Swedish Spelling Alphabet Not Inclusive Enough, Activists Say

By Aron Lamm
Aron Lamm
Aron Lamm
September 27, 2018 Updated: September 27, 2018

STOCKHOLM—Swedish activists have found a new target for reform: the alphabet.

More specifically, it’s the Swedish phonetic alphabet that has come under fire. Unlike the United States, which uses the NATO phonetic alphabet for spelling out letters over radio traffic and such (“Alpha” for A, “Bravo” for B, “Charlie” for C, etc.), Swedish authorities have their own Swedish version. It was implemented in 1891 and consists entirely of male first names with an ethnically Swedish flavor, like Adam and Bertil.

In an opinion piece in Sweden’s major daily newspaper, Dagens Nyheter, representatives of Rattviseformedlingen (an NGO dedicated to diversity) and Fredrika Bremer-forbundet (one of Sweden’s oldest women’s organizations) argue that the current phonetic alphabet is discriminatory against women and people with foreign names.

“It’s particularly strange for those of us with names that aren’t traditionally Swedish, who always have to spell out our names in different situations,” they write. “The fact that we only have access to male, Swedish names becomes a kind of symbolic elimination—we don’t even have access to a language that includes us. Not even when we have to explain our own names.”

The authors invoke the #MeToo movement, which has been particularly prominent in Sweden, and criticize the Swedish government for not working vigorously enough for equality and inclusion. The current alphabet is used by the police and the military, and using only traditional, male names “reproduces the image of who can, and should, work in these professions,” they argue.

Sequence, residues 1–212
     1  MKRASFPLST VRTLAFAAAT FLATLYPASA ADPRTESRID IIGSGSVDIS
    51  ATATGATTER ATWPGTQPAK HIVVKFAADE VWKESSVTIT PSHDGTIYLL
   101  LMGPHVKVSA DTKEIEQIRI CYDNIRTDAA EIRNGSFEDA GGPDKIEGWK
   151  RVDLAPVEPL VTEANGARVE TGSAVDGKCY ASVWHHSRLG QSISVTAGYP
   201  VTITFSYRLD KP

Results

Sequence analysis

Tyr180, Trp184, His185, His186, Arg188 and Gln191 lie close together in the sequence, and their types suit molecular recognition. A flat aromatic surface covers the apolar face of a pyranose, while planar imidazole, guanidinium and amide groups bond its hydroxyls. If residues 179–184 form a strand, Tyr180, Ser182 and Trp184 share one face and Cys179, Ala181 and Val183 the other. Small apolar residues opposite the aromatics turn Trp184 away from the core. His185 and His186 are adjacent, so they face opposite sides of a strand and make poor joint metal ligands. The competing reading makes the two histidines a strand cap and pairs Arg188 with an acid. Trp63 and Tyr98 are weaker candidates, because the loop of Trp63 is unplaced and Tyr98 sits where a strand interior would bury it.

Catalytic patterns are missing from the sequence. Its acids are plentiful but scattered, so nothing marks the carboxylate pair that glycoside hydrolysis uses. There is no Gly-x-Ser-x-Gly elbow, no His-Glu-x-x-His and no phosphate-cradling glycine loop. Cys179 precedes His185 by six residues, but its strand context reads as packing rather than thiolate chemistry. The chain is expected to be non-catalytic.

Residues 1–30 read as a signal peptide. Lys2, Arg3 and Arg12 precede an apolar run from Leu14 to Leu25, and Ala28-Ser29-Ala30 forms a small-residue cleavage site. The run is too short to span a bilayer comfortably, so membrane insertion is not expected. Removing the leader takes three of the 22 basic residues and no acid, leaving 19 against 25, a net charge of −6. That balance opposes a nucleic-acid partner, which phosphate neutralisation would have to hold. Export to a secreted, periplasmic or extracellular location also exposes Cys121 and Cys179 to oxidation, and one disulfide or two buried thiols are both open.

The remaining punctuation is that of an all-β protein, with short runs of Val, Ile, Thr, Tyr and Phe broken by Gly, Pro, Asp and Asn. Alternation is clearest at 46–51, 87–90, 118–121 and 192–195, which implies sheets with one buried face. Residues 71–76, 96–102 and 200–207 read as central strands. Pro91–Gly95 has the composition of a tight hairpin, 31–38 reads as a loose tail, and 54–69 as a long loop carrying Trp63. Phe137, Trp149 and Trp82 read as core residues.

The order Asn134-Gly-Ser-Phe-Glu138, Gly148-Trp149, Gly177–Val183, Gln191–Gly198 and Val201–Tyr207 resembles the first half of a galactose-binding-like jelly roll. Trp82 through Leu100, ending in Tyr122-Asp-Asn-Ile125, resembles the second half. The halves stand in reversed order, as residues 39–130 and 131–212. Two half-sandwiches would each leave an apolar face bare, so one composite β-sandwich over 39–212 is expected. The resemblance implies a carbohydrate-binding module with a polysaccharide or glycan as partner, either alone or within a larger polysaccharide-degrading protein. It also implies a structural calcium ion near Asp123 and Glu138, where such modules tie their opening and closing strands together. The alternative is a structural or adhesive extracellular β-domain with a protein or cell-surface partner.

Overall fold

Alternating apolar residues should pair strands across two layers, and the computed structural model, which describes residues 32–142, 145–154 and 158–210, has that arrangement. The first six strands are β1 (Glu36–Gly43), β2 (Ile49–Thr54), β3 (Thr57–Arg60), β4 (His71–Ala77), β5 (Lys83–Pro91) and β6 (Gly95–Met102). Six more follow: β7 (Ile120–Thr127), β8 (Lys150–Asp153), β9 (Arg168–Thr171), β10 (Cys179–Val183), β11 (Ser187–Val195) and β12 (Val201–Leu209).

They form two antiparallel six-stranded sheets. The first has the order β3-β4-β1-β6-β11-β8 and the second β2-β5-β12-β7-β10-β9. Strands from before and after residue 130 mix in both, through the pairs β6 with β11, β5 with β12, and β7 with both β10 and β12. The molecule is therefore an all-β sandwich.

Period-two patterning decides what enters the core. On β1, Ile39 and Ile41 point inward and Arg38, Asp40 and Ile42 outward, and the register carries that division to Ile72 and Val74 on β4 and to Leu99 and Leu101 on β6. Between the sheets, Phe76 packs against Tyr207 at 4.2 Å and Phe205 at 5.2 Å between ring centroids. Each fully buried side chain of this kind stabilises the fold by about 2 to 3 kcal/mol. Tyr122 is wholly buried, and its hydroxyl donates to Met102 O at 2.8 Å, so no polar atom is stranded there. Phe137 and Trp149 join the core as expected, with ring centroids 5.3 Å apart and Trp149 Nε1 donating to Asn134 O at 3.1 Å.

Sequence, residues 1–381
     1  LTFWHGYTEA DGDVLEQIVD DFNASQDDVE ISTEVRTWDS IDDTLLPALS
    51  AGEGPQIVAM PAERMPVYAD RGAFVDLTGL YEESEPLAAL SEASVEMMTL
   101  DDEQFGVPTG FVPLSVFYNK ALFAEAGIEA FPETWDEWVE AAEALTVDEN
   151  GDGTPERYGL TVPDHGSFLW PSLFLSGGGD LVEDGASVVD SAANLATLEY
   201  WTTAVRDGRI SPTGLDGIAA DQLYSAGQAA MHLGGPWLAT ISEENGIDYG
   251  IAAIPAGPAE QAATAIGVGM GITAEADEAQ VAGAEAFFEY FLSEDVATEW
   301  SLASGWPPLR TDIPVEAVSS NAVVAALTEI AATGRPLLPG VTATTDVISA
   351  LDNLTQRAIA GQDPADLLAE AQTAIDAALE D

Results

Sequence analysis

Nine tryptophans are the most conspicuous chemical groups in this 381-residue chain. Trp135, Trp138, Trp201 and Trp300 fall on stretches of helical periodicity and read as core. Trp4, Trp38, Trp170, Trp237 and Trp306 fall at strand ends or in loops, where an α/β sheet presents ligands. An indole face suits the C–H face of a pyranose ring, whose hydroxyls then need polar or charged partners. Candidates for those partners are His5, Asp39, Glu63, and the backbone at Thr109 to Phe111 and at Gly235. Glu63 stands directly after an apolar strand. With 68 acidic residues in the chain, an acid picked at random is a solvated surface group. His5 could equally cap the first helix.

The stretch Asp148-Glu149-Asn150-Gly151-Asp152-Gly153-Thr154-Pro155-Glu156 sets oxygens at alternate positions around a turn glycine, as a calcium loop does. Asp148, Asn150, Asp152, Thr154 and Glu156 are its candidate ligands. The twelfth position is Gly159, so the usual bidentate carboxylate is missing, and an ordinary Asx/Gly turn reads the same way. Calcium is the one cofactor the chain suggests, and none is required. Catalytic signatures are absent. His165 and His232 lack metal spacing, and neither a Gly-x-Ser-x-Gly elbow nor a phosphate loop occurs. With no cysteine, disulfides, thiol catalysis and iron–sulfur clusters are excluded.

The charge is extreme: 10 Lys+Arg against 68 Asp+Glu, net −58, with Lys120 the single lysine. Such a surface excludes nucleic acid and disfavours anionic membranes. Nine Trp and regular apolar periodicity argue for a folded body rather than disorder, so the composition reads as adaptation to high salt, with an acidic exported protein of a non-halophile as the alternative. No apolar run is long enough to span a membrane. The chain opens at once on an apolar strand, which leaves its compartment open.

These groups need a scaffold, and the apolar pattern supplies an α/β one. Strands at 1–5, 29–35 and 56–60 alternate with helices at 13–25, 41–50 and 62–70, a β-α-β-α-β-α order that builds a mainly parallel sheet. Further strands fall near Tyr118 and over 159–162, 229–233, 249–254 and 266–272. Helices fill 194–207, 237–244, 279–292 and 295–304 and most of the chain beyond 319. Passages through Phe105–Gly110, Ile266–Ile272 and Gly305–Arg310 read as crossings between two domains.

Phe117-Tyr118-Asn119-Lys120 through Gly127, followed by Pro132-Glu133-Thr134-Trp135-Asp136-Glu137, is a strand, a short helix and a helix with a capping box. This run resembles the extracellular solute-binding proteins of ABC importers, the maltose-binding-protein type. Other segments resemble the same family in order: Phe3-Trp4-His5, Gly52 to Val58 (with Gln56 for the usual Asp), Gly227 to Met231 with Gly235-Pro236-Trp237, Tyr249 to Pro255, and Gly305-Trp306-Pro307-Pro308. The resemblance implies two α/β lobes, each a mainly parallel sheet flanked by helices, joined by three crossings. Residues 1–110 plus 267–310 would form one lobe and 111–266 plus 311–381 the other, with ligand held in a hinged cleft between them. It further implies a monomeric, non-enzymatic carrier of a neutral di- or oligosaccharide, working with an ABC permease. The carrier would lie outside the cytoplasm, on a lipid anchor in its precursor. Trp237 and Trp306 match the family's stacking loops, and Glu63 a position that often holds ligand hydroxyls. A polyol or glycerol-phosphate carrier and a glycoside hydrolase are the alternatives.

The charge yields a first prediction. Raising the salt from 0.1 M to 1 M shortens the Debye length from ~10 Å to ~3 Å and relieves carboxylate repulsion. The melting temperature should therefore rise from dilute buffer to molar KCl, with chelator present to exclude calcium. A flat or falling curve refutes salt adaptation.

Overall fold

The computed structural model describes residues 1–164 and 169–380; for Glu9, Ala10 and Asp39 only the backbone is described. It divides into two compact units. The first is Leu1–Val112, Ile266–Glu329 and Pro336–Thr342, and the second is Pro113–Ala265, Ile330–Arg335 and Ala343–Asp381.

The new suggested list of names has been developed over a long time and reviewed by linguistic experts at the universities of Stockholm and Lund, to assure that they work just as well as the old one for the purpose of transmitting letters over a crackling radio connection, the authors claim.

The new names include “Pippi” for P and “Xena” for X, but also the decidedly non-Swedish “Khaled” for K. Journalist Paulina Neuding pointed out on Twitter that this Arabic name is not in fact pronounced with a “K” sound, but with a fricative “ach-laut.”

“But hey, at least it’s foreign,” she added.

Elsewhere on social media, the move was mostly met with disbelief and ridicule. Author and politician Ann Heberlein commented, “The war on Swedish men continues,” and suggested instead that if a change really is required, Sweden should start using the NATO alphabet, since it would at least bring them in line with the rest of the world.

But the authors of the article believe that this “is not a symbolic act, but a concrete possibility for change every day.”

“It is only natural that even minor adjustments may feel like a cultural quantum leap for some people, as it often feels safe and comfortable to keep doing things the way we always have,” they write. “But norms are broken and standards are replaced, and there is nothing more progressive than that.”

It remains to be seen if Swedish authorities choose to adapt the new alphabet.

Aron Lamm